Anti Corruption Commission (ACC) has been sued

Anti Corruption Commision - ACC
Anti Corruption Commision - ACC

A FORMER Bank of Zambia (BoZ) employee has dragged the Anti Corruption Commission (ACC) to court over its decision to place a restriction notice on his 20 motor vehicles and other properties.

Martin Simumba has since asked the Lusaka High Court to order that the restriction notice placed on his properties in 2008 is no longer applicable and was null and void.

Mr Simumba wants the court to order ACC not to renew its restriction order and to also order that the restriction notice dated December 19, 2008 should not be renewed.

He also wants the court to reverse the restriction notice so that he could have access to his properties and that he be given damages for misfeasance in public office and an order for costs for the court proceedings.

Mr Simumba of plot number 74A Lukanga road, Roma Township stated in his writ of summons filed in the principal registry that on November 19, 2008, the ACC issued a restriction notice on his motor vehicles under the guise of investigations.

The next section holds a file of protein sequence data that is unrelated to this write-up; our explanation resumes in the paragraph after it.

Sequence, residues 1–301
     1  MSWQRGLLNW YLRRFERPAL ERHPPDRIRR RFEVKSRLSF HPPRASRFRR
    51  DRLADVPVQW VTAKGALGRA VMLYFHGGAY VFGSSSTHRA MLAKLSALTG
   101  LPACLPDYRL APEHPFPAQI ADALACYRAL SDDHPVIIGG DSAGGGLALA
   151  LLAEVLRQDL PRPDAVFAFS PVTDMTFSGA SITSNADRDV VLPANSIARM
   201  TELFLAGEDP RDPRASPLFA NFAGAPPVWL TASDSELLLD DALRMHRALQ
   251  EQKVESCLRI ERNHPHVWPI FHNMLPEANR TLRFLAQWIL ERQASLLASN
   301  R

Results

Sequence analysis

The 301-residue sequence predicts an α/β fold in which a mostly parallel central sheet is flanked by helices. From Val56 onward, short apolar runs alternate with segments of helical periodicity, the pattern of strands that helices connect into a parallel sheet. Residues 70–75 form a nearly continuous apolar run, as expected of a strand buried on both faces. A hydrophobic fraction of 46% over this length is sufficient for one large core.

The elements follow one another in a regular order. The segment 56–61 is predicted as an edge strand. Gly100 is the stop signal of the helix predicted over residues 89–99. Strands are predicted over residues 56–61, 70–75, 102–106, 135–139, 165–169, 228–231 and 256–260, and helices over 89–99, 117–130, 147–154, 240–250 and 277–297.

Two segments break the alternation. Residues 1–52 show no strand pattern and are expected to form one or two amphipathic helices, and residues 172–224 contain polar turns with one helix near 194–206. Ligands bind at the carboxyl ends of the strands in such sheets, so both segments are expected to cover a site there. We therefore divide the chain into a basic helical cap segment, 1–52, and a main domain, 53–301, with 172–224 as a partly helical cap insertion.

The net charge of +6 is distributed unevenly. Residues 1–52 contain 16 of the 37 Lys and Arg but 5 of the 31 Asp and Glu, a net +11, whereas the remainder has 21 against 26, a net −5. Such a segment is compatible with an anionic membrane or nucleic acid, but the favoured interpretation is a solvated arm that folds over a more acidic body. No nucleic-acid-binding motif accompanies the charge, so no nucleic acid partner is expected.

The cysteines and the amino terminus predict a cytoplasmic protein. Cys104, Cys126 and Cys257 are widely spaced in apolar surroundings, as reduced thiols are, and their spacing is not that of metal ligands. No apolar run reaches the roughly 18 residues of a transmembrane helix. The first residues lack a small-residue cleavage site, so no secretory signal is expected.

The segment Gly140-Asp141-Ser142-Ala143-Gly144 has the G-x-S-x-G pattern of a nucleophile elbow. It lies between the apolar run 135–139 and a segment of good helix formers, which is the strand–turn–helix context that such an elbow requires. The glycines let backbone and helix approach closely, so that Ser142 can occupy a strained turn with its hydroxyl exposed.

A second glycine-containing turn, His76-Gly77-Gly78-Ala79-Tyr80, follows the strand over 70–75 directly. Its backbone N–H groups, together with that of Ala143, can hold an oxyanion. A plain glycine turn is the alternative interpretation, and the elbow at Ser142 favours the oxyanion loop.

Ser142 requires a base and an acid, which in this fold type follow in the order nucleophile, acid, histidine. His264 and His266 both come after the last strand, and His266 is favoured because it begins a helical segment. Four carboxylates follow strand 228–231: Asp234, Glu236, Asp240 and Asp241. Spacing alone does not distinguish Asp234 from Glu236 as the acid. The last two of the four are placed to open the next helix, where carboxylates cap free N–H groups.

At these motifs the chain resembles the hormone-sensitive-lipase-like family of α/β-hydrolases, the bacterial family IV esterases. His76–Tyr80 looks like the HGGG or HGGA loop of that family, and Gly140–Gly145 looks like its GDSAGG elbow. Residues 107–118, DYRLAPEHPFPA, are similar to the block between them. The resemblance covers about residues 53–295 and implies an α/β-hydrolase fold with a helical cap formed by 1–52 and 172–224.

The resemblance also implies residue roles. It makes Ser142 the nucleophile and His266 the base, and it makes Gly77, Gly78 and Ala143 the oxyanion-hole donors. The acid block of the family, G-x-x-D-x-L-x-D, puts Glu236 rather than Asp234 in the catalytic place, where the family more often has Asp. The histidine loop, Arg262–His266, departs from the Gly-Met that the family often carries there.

According to the restriction notice issued by ACC director-general Roselyn Wandi, Mr Simumba was being investigated on offences he was alleged to have committed under Part IV of the ACC Act number 42 of 1996.

Ms Wandi directed that Mr Simumba should not dispose off his 20 motor vehicles and properties numbered L/36650/M on title number 69104, F/669/27 on F/687/A/1/A/2/B- L8353, F./687/A/1/A/2 on title number 27675 and 4, 000, 000 shares in Fresh Direct Zambia Limited without the consent of ACC.

The motor vehicles are registration numbers AAR 8702, AAT 3188, AAX7710, AAZ 611, AAZ 612, AAZ 5271, AAZ 5272, AAZ 5275, ABC 303, ABC 304, ABC 305, ABE 4902, ABE 4903, ABE 4904, ABE 4905, ABE 5005, ABE 5666, ABJ 4275, ABJ 4922, ABE 4922 and AABJ 5092.

Investigations against Mr Simumba were instituted after BOZ lodged a complaint against him.

But Mr Simumba said on June 2009, his lawyers wrote to ACC demanding for the removal of the restriction notice and on June 15, 2009, the ACC responded that the restriction would remain in force.

He said because the restriction order has remained in force, he was unable to do a lot of transactions and his travel was restricted.

Mr Simumba said he made several other representations to ACC in which he highlighted the fact that there was no basis for the continued harassment and intimidation he was going through.

He said to date, there had been no charge slapped on him but the restriction notice on his properties had continued.

Mr Simumba described the restriction notice as abuse of authority and generally abusive on his persona and properties. He said that was why he wanted the court to intervene.